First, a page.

When learning hiragana and katakana, we’re quick to notice that some are missing. wu, we, yi… wi (ゐゑ) and we (ヰヱ) are in Unicode and in most fonts, as they were used all the way up until the 1950’s and show up sometimes even now (in places like usernames). Type them in the romaji-style input by writing “wyi” and “wye”.
There is no yi, ye or wu. Historically speaking, the Y sound is really just a short I with a bit more forceful breath, so yi would really be ii. E is the sound created in-between I and A, so it would have historically been iia for the same reason. The Japanese W is actually the same exact sound as its U, it’s just that U uses the voice and W is simply a puff of breath, so saying the two fast and close together is just too difficult (it’d be like saying “sz, td, pb”). Our English W is slightly different from our U, which is why we can say “woo” and Japanese can’t.
In the past, ex. in the late 1800’s, there were dialects that did say “ye” but it wasn’t spelled that way. Back then, even when using hiragana they had an entirely different spelling system that was according to etymology and not according to pronunciation. The only part of the old system we have left today is in words where “ei” sounds like “ee” and “ou” sounds like “oo”, and in the grammatical words “はをへ” being pronounced “wa wo e” instead of “ha ho he”.
I have not found any actual proof that there was a special letter for ye by the time that hiragana was simplified down into 50 characters. Hiragana used to have someting like 200+ characters and it’s possible it was indeed included then, but of course, we can’t count that as “real” hiragana now can we.
If you are using “Glyphs” to make a font that includes the characters, like me, add a glyph called “u1B000” for katakana ye, and “u1B001” for hiragana ye. That way anyone who has the correct Unicode will see it properly.
Here’s old charts of hiragana and katakana.
First, have charts from 1896; these come from the second edition of the book, published in 1906. “An Introductory Course in Modern Japanese” by Clay MacCauley. (Click to enlarge): These have only wi (ゐヰ) and we (ゑヱ):
“A Grammar of the Japanese Written Language” from 1904 (click to make bigger). This has all of them:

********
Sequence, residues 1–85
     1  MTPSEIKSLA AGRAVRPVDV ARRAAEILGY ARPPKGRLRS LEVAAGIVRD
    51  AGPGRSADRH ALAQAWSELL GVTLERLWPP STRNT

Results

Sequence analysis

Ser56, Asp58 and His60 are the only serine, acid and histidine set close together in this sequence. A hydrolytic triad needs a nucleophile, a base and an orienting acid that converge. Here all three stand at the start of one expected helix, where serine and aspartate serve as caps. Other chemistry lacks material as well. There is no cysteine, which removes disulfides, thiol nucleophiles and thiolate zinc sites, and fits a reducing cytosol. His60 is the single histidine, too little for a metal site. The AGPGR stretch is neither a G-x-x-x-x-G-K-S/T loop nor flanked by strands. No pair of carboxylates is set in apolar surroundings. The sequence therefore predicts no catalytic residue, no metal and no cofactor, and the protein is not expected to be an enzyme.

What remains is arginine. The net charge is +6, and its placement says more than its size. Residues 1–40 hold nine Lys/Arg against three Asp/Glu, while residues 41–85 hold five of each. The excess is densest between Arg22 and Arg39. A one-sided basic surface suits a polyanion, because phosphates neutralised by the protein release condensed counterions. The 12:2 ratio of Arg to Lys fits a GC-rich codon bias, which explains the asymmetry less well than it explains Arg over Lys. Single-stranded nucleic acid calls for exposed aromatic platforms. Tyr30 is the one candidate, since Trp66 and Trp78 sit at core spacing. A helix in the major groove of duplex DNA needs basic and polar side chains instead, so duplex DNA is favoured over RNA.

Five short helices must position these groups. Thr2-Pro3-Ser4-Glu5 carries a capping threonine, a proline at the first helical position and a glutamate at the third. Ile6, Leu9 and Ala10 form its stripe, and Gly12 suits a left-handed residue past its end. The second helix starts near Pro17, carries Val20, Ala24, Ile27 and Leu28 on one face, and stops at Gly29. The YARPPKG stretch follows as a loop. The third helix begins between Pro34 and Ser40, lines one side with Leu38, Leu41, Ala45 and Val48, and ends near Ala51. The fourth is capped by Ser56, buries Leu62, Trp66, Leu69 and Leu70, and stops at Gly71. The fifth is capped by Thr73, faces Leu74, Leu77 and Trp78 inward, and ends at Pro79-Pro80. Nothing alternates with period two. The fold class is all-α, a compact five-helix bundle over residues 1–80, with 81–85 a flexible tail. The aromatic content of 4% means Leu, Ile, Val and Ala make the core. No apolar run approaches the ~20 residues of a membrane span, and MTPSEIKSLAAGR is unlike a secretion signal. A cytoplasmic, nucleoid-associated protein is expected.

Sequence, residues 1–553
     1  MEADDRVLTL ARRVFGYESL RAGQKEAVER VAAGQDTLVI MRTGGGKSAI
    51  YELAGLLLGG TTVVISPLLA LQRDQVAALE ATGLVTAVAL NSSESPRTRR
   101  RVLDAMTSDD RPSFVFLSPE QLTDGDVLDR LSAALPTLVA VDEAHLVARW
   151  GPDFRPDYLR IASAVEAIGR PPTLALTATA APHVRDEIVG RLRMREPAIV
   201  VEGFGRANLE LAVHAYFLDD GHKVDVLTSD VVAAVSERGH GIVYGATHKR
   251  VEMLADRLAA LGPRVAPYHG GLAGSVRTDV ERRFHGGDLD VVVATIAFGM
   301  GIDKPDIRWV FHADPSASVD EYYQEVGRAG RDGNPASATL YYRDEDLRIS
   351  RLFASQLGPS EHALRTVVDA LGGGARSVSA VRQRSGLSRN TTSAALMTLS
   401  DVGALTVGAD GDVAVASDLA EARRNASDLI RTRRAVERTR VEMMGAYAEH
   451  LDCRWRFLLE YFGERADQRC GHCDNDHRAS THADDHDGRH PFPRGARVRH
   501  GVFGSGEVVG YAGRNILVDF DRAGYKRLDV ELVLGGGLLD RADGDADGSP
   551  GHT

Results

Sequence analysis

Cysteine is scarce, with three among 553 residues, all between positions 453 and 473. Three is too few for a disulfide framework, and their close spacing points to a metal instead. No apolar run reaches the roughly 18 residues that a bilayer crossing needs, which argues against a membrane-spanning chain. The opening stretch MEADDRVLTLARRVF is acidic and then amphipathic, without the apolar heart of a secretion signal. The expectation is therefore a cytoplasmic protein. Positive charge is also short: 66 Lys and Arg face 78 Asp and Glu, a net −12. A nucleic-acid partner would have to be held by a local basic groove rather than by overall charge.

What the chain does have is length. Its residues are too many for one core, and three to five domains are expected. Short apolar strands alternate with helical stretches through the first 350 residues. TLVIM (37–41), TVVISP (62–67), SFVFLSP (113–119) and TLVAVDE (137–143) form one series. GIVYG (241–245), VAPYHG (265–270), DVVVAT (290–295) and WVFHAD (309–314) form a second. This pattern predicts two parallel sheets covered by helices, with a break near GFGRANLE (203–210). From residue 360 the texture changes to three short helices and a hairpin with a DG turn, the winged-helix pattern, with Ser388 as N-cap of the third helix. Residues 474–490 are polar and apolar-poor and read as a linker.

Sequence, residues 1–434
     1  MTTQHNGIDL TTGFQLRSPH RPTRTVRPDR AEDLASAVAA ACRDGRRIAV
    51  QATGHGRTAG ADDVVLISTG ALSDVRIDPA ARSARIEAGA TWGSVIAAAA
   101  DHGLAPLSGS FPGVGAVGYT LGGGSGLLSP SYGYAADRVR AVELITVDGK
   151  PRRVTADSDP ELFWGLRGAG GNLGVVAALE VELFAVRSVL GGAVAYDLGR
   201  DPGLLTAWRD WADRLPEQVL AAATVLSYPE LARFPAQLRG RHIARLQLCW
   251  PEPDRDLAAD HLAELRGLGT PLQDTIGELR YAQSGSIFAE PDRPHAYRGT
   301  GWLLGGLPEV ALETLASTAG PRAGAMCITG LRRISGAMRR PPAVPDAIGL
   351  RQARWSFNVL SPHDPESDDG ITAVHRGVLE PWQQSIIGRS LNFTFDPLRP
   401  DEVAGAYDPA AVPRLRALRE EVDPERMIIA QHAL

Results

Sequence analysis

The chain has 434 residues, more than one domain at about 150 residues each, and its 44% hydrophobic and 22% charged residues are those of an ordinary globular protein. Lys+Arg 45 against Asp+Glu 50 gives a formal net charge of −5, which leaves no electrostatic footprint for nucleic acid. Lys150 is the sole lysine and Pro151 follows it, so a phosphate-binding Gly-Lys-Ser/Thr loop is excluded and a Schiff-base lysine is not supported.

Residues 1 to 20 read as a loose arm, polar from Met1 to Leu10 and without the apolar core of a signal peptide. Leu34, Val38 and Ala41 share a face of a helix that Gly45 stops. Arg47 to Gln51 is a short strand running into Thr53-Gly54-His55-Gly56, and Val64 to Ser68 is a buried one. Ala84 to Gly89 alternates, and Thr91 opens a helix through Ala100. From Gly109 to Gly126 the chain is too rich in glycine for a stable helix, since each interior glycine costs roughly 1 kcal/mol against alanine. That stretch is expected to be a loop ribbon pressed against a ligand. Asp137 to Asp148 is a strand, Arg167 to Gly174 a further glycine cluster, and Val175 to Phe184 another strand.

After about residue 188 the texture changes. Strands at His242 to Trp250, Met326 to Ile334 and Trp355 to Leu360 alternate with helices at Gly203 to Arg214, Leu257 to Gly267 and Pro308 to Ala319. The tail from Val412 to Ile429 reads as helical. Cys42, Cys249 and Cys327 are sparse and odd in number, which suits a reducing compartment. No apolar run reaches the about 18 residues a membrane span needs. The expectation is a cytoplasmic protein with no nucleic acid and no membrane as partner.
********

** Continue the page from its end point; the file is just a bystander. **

“ヰ and ヱ, though belonging to the w column, are not pronounced wi and we, but i and e. No doubt the original pronunciation was wi and we. Wo (ヲ) was formerly considered one of the a (ア) i (イ) u (ウ) e (エ) series, and o (オ)was placed along with wa (ワ) i (ヰ) wu () e (ヱ). Motowari corrected this error, but it is still found in many Japanese books. The Wakun Shiwori, for instance, follows the old practise.”
“If is a curious fact, that notwithstanding its greater simplicity and convenience, the lower classes of Japanese are unacquainted with the Katakana, and even scholars prefer the Hiragana for most purposes.” – p.4
“There is another arrangement of the syllabary called iroha:
i ro ha ni ho ke to chi ri nu ru wo
wa ka yo ta re so tsu ne na ra mu
u wi no o ku ya ma ke fu ko e te
a sa ki yu me mi shi we hi mo se su
This is in the form of a stanza of poetry giving expression to Buddhistic sentiment:
Iro wa nioedo chirinuru wo;
waga yo tare zo tsune naramu.
Ui no okuyama kyou koete,
asaki yume mishi, ei mo sezu.
い ろ は に ほ け と ち り ぬ る を
わ か よ た れ そ つ ね な ら む
う ゐ の お く や ま け ふ こ え て
あ さ き ゆ め み し ゑ ひ も せ す
いろ は におえど ちりぬる を
わが よ たれ ぞ つね ならむ
うい の おくやま きょう こえて
あさき ゆめ みし えい も せず
Though the blossoms (hues) are fragrant they fall away;
In this our world who will abide alway?
To-day I crossed the very mountain-recesses of mutability;
And saw a shallow dream, nor was I intoxicated thereby.”
Translation from “A Japanese Grammar” 1876:
”Color and smell (love and enjoyment) vanish!
In our world who (or what) will be enduring?
If this day passes away into the deep mount of its existence,
Then it was a faint vision; it does not even cause giddiness (it leaves you cold).”
From https://s-opac.sap.hokkyodai.ac.jp/library/?q=kyokasho-1 :
From http://members.jcom.home.ne.jp/manya-isi/iroha.htm :